TAMPA — On Pierce Street downtown, there's a historic marker that commemorates Confederate soldiers and sailors.
In St. Petersburg, there's Dixie Hollins High School, a flash point for desegregation during the 1970s and still home of the Rebels.
On Tampa's Columbus Drive, there's Robert E. Lee Elementary School, a technology magnet whose mascot is Traveller, the Confederate general's horse.
"There are monuments and symbols like that all over the South," said Rodney Kite-Powell, a curator at the Tampa Bay History Center.
So what do we do with them?
Since last month's massacre in Charleston — when nine black worshipers were murdered in a historic church — debate has reignited over the Confederate battle flag. Last week, South Carolina lawmakers voted to remove it from Capitol grounds, and on Wednesday Hillsborough County commissioners will discuss what to do with a variation of the Confederate flag that hangs in the Frederick B. Karl County Center.
But the conversation has a deeper level: Where does history end and revisionism begin? How does a nation have a conversation about race when numerous sites — like Lee Elementary, or the 30-by-60 foot Confederate flag near the Interstate 75/Interstate 4 junction — remind people daily of a war fought in large part to defend slavery?
Some say museums and education are the best course of action. Others insist that Southern heritage has been slandered throughout the debate.
"These things are important when there are symbols that denigrate a particular part of the population that are left up out of complacency or because that's how we've always done things," said University of South Florida historian Ray Arsenault.
"It can be very, very hurtful."
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Arsenault is one of many calling for a re-examination of the battle flag and other symbols.
"My thing with the flags is to put them in a museum," said Hillsborough County Commissioner Les Miller, "so they can be just what they are: a piece of history."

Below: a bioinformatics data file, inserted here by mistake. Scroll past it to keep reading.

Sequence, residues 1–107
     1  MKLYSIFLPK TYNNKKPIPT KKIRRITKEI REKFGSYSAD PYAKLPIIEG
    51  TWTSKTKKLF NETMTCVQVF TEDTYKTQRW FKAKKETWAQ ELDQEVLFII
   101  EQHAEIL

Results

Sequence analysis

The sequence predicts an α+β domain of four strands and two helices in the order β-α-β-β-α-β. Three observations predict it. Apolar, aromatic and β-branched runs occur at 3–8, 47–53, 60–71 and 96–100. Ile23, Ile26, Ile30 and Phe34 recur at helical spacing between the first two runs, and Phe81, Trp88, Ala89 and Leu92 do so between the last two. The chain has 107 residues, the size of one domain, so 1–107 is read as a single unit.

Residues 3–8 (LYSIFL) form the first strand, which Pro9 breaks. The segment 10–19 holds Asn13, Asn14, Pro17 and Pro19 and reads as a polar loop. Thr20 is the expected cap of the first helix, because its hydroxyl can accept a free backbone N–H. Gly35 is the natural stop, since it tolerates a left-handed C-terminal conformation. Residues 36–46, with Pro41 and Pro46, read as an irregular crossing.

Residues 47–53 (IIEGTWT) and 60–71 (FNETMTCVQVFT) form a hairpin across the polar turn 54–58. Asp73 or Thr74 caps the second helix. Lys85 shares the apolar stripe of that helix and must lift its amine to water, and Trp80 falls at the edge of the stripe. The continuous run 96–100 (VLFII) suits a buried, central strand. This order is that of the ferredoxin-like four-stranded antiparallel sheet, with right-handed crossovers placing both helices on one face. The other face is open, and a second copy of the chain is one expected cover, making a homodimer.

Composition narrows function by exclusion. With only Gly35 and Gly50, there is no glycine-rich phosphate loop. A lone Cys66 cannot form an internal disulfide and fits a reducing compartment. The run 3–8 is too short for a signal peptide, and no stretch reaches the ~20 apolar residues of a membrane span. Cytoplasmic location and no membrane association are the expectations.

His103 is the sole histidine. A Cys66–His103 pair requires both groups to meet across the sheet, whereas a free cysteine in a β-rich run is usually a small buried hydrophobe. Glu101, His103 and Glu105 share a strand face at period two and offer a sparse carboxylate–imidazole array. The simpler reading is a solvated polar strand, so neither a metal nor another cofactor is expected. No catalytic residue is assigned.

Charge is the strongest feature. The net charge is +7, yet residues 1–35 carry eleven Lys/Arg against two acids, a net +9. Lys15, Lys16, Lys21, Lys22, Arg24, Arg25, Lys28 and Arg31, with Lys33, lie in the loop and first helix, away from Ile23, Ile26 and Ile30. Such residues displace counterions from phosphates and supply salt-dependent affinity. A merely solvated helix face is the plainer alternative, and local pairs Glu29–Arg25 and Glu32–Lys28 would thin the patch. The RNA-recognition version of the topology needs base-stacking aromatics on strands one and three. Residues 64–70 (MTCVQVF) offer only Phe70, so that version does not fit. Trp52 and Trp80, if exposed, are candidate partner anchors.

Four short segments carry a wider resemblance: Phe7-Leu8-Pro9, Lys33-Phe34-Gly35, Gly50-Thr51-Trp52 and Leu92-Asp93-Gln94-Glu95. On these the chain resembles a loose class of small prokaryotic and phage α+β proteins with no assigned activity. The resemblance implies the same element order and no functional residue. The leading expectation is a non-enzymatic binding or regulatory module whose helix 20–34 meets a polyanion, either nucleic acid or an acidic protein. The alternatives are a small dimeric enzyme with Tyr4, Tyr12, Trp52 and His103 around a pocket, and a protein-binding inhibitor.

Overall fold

Miller raised the issue of removing the flag from Hillsborough County's headquarters. Since that time, he has received phone calls from constituents — not just about the flag, but about the monument on Pierce Street.
"It's not just African Americans," he said. "There are others — who are not black — who understand what it means."
But that's where the argument gets stuck. How does a nation scrub its history?
"We're not saying erase history," said Natasha Goodley of the Hillsborough County branch of the NAACP. "We're saying erase the symbols of everyday life."
Children shouldn't have to go to a school named after Robert E. Lee, Goodley said. That exposure continues to be a reminder of discrimination and hatred. Even if it wasn't intended that way.
"There are so many names," Goodley said, "and we have to name it after a Confederate soldier who fought to keep my family as slaves?
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Maybe that's the problem. There are so many names, so many symbols, so many ancient schisms that evoke pain.
"There's hardly anything you can look at that wasn't involved in some conflict," Kite-Powell said. "Look at the $20 with Andrew Jackson, a president who was incredibly popular, but who would now be locked up in jail. His policies pushed hundreds of thousands if not millions of (Indians) off their land."
The Christopher Columbus statue on Bayshore Boulevard is another good example, he said.
"For every member of the Italian club who would look at the Columbus statue and see it as something to be revered, you can find somebody of native birth who despises it."
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Since Charleston, men, women and children have gathered in parking lots and cheered on grassy lawns for the Confederate battle flag. They chant the mantra — "Heritage, not hate" — and insist the flag does not equal racism.
Phil Walters of the Judah P. Benjamin Camp of the Sons of Confederate Veterans is among them. He characterized the anti-Confederate movement as "intellectually dishonest," and believes the South has come under fire for a mindset the entire nation shared at one point.
"If you just across the board rip something away from people, is that not going to breed resentment?" Walters asked. "You can pass the laws and bully it through, but does it really solve anything?"
Besides, he added, "you wanna talk institutional racism, look at the American flag."
Kite-Powell acknowledged that the South tends to carry the weight of slavery, which might explain the backlash over symbols. But he stressed the difference between the American flag and the battle flag.
In modern times, "you don't see someone waving the American flag trying to invoke a white supremacist movement," he said.
Contact Zack Peterson at email@example.com or (813) 226-3368. Follow @zackpeterson918.